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   Brian Wesbury
Chief Economist
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   Bob Stein
Deputy Chief Economist
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  Nonfarm Payrolls Increased 142,000 in September
Posted Under: Data Watch • Employment

Implications: No two ways about it, today's employment report was weak by the standard of the past few years. Job growth was slow, wages were flat, hours fell, and the labor force dropped. As a result, a rate hike in October is extremely unlikely. Payrolls expanded by a tepid 142,000 in September, falling short of even the most pessimistic forecasts. Moreover, instead of being revised upward, which usually happens this time of year, recent months were instead revised down by 59,000. Meanwhile, civilian employment, an alternative measure of jobs that includes small business start-ups, dropped 236,000. Although the jobless rate remained at 5.1%, it's nothing to celebrate as the labor force participation rate fell to 62.4%, the lowest since 1977. Worker earnings took a hit as well, due to a combination of flat earnings per hour and a slightly shorter workweek for those with jobs. As a result, total earnings slipped 0.2%. However, not all the news was soft. Despite the decline in September, workers' total earnings are up 4.5% versus a year ago and the expansive U-6 unemployment rate fell to 10.0% from 10.3%, as those working part-time for economic reasons fell to the lowest level since 2008. The bottom line is that today's report does not spell doom for the US economy; we are not facing an impending recession. The third quarter of each of the past five years (2010-2014) has had slower job growth than each of those years as a whole, and it looks like 2015 will be no different. The job market never moves in a straight line, either up or down. There are always months that are slower or faster than the underlying trend and we just got two in a row that are slower. This has happened before and will happen again, just like we'll get months like November/December 2014 when job growth averaged 376,000 per month. Remember not to get too excited when that happens again, just like you shouldn't get depressed today; the underlying trend is still about 200,000 per month. Other recent news supports this theme. Yesterday, automakers reported that cars and light trucks sold at an 18.2 million annual rate in September, up 9.9% from a year ago and the fastest pace since 2005. However, like a mirror image of job growth, don't look for auto sales to stay at that level. Sales should stay strong, but not stay as hot as the past two months.

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Posted on Friday, October 02, 2015 @ 11:32 AM • Post Link Share: 
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  No Recession in Sight
Posted Under: Bullish • GDP • ISM • Retail Sales • Video • Wesbury 101
Posted on Thursday, October 01, 2015 @ 11:44 AM • Post Link Share: 
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  The ISM Manufacturing Index Declined to 50.2 in September
Posted Under: Data Watch • ISM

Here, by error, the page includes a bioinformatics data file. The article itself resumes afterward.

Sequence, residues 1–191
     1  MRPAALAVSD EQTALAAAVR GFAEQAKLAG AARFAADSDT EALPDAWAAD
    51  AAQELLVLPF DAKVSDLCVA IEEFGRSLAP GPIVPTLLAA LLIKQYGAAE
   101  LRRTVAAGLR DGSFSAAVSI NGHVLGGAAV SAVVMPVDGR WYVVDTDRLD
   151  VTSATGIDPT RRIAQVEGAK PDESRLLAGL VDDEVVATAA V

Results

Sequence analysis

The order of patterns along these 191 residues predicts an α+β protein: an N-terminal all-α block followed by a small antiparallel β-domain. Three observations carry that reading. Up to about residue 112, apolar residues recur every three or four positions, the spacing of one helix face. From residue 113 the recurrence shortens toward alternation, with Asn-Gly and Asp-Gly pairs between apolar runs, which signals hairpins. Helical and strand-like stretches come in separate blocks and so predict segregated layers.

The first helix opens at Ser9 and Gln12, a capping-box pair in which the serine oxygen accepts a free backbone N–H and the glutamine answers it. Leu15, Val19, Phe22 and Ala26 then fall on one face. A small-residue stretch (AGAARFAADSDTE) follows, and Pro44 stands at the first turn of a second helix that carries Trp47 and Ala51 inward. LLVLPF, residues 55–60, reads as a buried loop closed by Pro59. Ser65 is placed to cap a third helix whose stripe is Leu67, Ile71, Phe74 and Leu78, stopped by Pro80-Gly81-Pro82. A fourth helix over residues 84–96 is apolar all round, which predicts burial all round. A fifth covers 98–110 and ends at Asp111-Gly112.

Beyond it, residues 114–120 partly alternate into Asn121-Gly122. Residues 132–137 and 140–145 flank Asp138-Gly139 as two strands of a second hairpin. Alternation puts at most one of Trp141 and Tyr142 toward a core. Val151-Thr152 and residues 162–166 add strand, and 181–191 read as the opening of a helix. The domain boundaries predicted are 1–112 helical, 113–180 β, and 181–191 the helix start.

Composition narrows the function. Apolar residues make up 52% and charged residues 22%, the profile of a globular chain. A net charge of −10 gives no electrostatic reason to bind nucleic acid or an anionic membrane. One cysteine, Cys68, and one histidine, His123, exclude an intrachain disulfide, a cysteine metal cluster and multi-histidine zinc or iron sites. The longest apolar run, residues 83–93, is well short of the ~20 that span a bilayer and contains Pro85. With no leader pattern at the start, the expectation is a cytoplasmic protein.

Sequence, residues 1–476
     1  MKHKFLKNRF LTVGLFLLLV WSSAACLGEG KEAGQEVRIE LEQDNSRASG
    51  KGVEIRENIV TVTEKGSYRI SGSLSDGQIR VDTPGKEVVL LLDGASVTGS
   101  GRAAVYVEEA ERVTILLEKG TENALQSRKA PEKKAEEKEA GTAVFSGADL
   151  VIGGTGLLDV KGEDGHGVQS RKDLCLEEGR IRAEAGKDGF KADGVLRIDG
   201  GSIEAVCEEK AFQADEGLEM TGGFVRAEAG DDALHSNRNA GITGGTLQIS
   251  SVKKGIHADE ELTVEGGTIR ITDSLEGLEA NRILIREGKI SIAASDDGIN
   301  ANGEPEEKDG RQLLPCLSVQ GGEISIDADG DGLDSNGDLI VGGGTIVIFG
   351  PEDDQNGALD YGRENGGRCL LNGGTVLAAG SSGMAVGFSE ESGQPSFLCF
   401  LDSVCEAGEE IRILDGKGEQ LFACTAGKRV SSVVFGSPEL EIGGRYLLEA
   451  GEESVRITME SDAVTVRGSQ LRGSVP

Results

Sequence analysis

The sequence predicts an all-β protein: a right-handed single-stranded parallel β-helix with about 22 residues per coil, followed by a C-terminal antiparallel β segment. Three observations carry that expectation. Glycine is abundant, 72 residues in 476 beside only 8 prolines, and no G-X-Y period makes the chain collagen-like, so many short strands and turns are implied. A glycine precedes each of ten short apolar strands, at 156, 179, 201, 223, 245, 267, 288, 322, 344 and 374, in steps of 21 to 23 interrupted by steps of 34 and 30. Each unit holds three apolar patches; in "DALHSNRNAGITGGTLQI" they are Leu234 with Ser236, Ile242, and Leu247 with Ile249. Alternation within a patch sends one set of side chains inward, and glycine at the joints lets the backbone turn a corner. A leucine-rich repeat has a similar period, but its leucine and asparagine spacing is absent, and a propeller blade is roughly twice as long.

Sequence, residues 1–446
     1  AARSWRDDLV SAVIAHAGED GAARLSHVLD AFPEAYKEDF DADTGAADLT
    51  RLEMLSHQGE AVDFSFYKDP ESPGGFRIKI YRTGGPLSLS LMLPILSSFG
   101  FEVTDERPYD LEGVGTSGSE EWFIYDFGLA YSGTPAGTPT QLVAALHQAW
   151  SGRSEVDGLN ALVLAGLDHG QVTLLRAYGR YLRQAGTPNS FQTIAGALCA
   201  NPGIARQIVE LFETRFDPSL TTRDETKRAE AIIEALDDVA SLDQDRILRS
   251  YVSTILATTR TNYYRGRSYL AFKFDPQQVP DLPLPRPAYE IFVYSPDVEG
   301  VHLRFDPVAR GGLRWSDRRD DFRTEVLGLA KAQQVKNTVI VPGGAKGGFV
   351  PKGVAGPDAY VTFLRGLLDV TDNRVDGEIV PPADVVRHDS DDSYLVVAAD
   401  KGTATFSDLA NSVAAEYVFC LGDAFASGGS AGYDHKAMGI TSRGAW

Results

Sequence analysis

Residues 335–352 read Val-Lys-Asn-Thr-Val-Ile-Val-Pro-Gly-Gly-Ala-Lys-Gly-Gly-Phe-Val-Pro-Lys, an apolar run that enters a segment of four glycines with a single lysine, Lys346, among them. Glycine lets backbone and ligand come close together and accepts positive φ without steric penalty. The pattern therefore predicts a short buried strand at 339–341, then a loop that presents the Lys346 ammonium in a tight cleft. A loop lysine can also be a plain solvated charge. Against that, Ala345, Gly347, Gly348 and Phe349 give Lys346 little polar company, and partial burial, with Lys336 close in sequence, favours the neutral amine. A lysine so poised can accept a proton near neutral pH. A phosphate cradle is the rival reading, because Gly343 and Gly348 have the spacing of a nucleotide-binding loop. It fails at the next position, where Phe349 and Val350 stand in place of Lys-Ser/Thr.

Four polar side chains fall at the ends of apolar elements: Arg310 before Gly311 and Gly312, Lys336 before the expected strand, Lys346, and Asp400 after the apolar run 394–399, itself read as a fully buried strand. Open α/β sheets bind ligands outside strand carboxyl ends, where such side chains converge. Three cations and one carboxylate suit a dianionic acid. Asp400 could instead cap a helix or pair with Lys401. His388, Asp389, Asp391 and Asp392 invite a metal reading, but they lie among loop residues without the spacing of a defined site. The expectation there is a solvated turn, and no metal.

Implications: We said it last month, but it bears repeating. Yes, today's report from the ISM showed the lowest reading for the headline index going back to 2012, but it is important to remember that the index measures the pace of expansion and contraction. Levels above 50 represent expansion, so while September's reading of 50.2 is lower than August's reading of 51.1, that does not mean that activity has declined. Instead, it continues to expand at a slightly slower pace than in recent months. It should also be noted that the September reading represents a 33rd consecutive month above 50. On the inflation front, the prices paid index declined to 38.0 in September from 39.0 in August, as falling prices for crude oil and gasoline helped push prices lower for fourteen of the eighteen industries reporting. The prices paid index has now shown contraction in prices for eleven consecutive months. Taken as a whole, today's report is about as plow horse as they come. Each of the major measures of activity moved lower in September, but all remained above 50, signaling continued expansion. The modest readings from the ISM manufacturing report in 2015 may have some worried that a slowdown could be the early signs of a downturn in the economy, but we disagree. While the overall index remains below the peak of 58.1 seen in August 2014, we don't believe this is anything to worry about. Data on employment, housing, and consumer spending continue to show strength, while the weaknesses in economic data have almost all come from surveys, which can reflect sentiment as much as actual economic activity. When looking at the fundamentals of the broader economy, there remains no recession in sight. In other news this morning, new claims for unemployment insurance increased 10,000 last week to a still low 277,000. Claims have been below 300,000 for seven consecutive months. Continuing claims dropped 51,000 to 2.19 million, the lowest since November 2000. Also on the labor market, yesterday's ADP report showed a gain of 200,000 in private-sector payrolls in September. Plugging these figures into our models suggests tomorrow's official employment report will show nonfarm payrolls up 192,000 in September. We expect that to be accompanied by upward revisions for August and that September will be revised up in future reports as well. Meanwhile, construction rose 0.7% in August, led by home building. In other recent housing news, the national Case-Shiller home price index increased 0.4% in July and is up 4.7% in the past year. Price increases in the past twelve months have been led by San Francisco, Denver, Dallas, and Portland.